Formerly known as Breadcrumb, Upserve was specifically created and designed by former managers, bartenders, baristas, and waiters, among many other employees who work in the foodservice industry. The goal of Upserve is to be a user-friendlyPOS system that is ideal for working with many of the common hospitality and restaurant issues.

Pros: A few useful features this POS system offers is table management, menu management, and restaurant management, online ordering directly from a customer’s table, processing all types of payments including written checks, and a partnership with GrubHub so that any restaurant who uses Upserve can have their food delivered anywhere.

Additionally, Upserve is compatible with both Apple and Android devices so anyone can use it without fear of having to invest in a new smart device. Another perk about Upserve is that it does not discriminate against restaurant size. Upserve is designed to adequately serve restaurants as big as the most popular steakhouse in town or as small as a hidden coffee shop.

Cons: Upserve is a more expensive POS system compared to others with its $99 monthly fees and $50 per each extra terminal license (Upserve includes one POS terminal license). In fact, while many users are impressed with Upserve’s system and features, many admit that it still seems a bit overpriced for what it offers.

Also, this POS system wouldn’t be ideal for food trucks because the system requires more pieces and more space to function properly. Finally, the last downside of Upserve is that it has been known for outages during some restaurants’ busy hours. It also experiences downtime during mandatory system updates that cause the whole system to be offline until all updates have been installed.


Toast is an all-around restaurant management system, meaning it isn’t just for taking money at the counter. Toast offers a full suite of business management options in addition to prioritizing the customer experience. The overall goal of toast is to ensure that employers and employees can focus on the things that matter rather than being bogged down by the time consuming, routine tasks.

Pros: Toast is an all-encompassing platform that includes systems to manage payroll, transactions, inventory, customer relationships, and online ordering. Toast has an easy-to-use system for ordering and employee management of customers’ orders. You’ll find that orders can be easily modified and reassigned to different staff members with relative ease.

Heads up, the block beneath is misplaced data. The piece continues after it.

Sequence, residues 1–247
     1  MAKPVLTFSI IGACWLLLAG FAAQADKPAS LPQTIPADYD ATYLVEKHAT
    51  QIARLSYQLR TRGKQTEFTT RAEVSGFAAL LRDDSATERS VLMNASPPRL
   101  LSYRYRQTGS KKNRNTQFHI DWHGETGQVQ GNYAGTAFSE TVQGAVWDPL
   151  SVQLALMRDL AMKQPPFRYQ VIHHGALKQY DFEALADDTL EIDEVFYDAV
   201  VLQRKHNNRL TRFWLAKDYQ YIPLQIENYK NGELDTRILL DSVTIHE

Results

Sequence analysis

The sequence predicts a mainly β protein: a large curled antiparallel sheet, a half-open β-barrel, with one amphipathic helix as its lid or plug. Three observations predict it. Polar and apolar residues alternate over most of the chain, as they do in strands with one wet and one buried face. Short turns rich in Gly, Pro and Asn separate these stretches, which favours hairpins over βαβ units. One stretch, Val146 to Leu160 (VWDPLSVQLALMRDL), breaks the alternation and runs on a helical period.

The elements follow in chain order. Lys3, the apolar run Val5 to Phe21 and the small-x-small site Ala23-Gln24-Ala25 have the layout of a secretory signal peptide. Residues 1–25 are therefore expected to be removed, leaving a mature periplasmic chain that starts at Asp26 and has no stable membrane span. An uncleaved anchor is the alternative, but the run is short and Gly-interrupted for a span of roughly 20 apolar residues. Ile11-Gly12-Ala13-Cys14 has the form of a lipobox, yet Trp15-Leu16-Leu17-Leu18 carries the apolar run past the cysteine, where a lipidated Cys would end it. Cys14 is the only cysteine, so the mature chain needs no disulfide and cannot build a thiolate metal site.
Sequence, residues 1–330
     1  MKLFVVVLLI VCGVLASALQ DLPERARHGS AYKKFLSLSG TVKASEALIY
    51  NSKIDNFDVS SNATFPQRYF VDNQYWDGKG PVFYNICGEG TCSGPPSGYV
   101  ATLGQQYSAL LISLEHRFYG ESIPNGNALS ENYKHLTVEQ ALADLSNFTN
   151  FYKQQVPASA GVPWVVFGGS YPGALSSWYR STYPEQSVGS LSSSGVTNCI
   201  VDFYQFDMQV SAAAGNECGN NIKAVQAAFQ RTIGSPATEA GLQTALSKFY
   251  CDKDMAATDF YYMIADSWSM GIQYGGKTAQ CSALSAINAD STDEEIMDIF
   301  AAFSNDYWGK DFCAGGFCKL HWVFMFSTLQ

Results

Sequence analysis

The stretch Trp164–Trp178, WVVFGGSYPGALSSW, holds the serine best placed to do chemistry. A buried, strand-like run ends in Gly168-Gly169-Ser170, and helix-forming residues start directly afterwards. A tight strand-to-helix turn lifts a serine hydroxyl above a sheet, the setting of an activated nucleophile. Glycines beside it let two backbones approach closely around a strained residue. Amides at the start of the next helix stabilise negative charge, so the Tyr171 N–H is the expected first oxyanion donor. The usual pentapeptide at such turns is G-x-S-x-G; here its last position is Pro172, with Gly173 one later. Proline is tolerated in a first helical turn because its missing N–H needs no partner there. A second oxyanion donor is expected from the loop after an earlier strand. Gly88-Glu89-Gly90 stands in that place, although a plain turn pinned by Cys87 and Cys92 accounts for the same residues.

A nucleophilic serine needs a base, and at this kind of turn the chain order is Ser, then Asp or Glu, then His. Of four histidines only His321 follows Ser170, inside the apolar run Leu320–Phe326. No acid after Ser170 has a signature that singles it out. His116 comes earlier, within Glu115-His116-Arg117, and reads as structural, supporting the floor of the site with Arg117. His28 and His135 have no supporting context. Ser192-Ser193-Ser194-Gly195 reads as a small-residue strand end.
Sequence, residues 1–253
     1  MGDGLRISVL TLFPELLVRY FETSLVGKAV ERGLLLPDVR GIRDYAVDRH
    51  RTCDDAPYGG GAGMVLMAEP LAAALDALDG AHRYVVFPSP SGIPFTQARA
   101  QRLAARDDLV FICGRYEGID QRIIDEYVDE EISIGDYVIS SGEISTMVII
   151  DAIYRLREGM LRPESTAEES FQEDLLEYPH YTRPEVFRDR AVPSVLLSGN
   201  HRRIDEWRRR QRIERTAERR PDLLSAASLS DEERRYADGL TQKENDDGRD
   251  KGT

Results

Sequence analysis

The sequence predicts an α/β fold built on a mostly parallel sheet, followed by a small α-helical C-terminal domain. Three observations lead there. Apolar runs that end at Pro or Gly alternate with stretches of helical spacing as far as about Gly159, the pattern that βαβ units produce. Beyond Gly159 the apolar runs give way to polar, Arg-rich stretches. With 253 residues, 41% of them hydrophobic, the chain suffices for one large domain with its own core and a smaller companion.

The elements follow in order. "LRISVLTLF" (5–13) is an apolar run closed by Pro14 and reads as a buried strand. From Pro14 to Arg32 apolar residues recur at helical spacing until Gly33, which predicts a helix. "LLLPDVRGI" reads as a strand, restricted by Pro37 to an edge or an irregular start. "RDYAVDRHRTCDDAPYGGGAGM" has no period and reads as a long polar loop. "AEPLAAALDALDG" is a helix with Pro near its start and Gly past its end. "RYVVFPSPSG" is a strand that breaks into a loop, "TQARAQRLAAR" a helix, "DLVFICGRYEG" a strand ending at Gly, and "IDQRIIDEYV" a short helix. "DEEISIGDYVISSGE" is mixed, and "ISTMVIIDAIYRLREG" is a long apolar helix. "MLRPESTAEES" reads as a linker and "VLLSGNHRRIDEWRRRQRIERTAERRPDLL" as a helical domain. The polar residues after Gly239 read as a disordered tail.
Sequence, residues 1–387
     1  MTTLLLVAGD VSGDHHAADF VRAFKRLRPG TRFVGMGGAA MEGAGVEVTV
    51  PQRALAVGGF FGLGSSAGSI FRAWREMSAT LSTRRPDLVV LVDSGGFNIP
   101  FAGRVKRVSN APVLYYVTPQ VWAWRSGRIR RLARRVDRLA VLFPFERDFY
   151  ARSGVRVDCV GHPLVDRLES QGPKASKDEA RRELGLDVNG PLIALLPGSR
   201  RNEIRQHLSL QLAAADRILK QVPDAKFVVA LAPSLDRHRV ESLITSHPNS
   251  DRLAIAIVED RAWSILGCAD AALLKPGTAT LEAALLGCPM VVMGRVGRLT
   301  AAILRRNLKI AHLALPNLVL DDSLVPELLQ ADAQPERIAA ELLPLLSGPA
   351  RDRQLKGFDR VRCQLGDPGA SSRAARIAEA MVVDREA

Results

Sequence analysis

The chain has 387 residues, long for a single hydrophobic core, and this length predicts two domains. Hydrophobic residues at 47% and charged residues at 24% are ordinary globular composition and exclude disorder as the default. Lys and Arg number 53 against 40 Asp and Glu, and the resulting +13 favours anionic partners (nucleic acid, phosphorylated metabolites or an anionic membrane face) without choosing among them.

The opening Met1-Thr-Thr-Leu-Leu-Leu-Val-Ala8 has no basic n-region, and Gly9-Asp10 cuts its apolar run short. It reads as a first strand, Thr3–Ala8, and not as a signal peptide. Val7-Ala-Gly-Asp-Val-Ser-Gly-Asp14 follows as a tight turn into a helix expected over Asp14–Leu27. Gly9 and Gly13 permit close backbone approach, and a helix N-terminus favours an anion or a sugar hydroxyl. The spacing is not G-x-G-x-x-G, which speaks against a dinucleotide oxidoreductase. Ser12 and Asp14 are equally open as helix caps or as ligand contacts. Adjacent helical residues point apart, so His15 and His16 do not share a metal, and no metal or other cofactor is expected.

Whether you’re a large or small business, you’ll find that Toast will meet you where you’re at. Toast is easily scalable, and it will easily move with you from your first location to multiple as your business grows. These features will benefit you later when you have multiple employees and locations to manage and you can’t be at each location every day.  

Another reason that you’ll want to consider Toast is that it is a restaurant-specific platform. Unlike others, Toast is made with restauranteurs in mind. From small taco-stands to full-service restaurants, Toast has the flexibility to meet your needs.

Cons: Toast is, right now, an Android-specific system, which for loyal Apple users may be a drawback. It’s no secret that Apple devices are coveted for their prestige, consistency, and ease of use. For some, this will be a drawback and may steer users away from this platform. Toast is priced at $79/month and with installation and equipment costs that can cost up to $1200, you can consider Toast an investment in your business.

Wrapping it up

If you’re considering starting a restaurant, consider checking out one of these services. They’re more than your grandparents’ cash register of days gone by. These are sophisticated points of sale systems that help manage customer relationships by keeping track of their purchases and providing options for loyalty clubs and gift cards.

They streamline the ordering process by making order management easier from the time the customer places the order to send it to the kitchen. These modern points of sale also help management keep track of employee performance and hours worked and makes it easier to pay them, improving employee satisfaction and keeping management from having to spend needless time fretting over the payroll.

Finally, a POS system introduces modern technology into your workspace and enables future growth more easily through updates to your system and ease of replacement if something happens to your device.

If you’re in the restaurant business and don’t have a modern Point of Sale system, you should really consider one. Not only do they make almost everything easier, but they also save valuable time which can be spent on diving into your passion: providing good food and top-notch customer service so that you can achieve your dream of having the best food in town.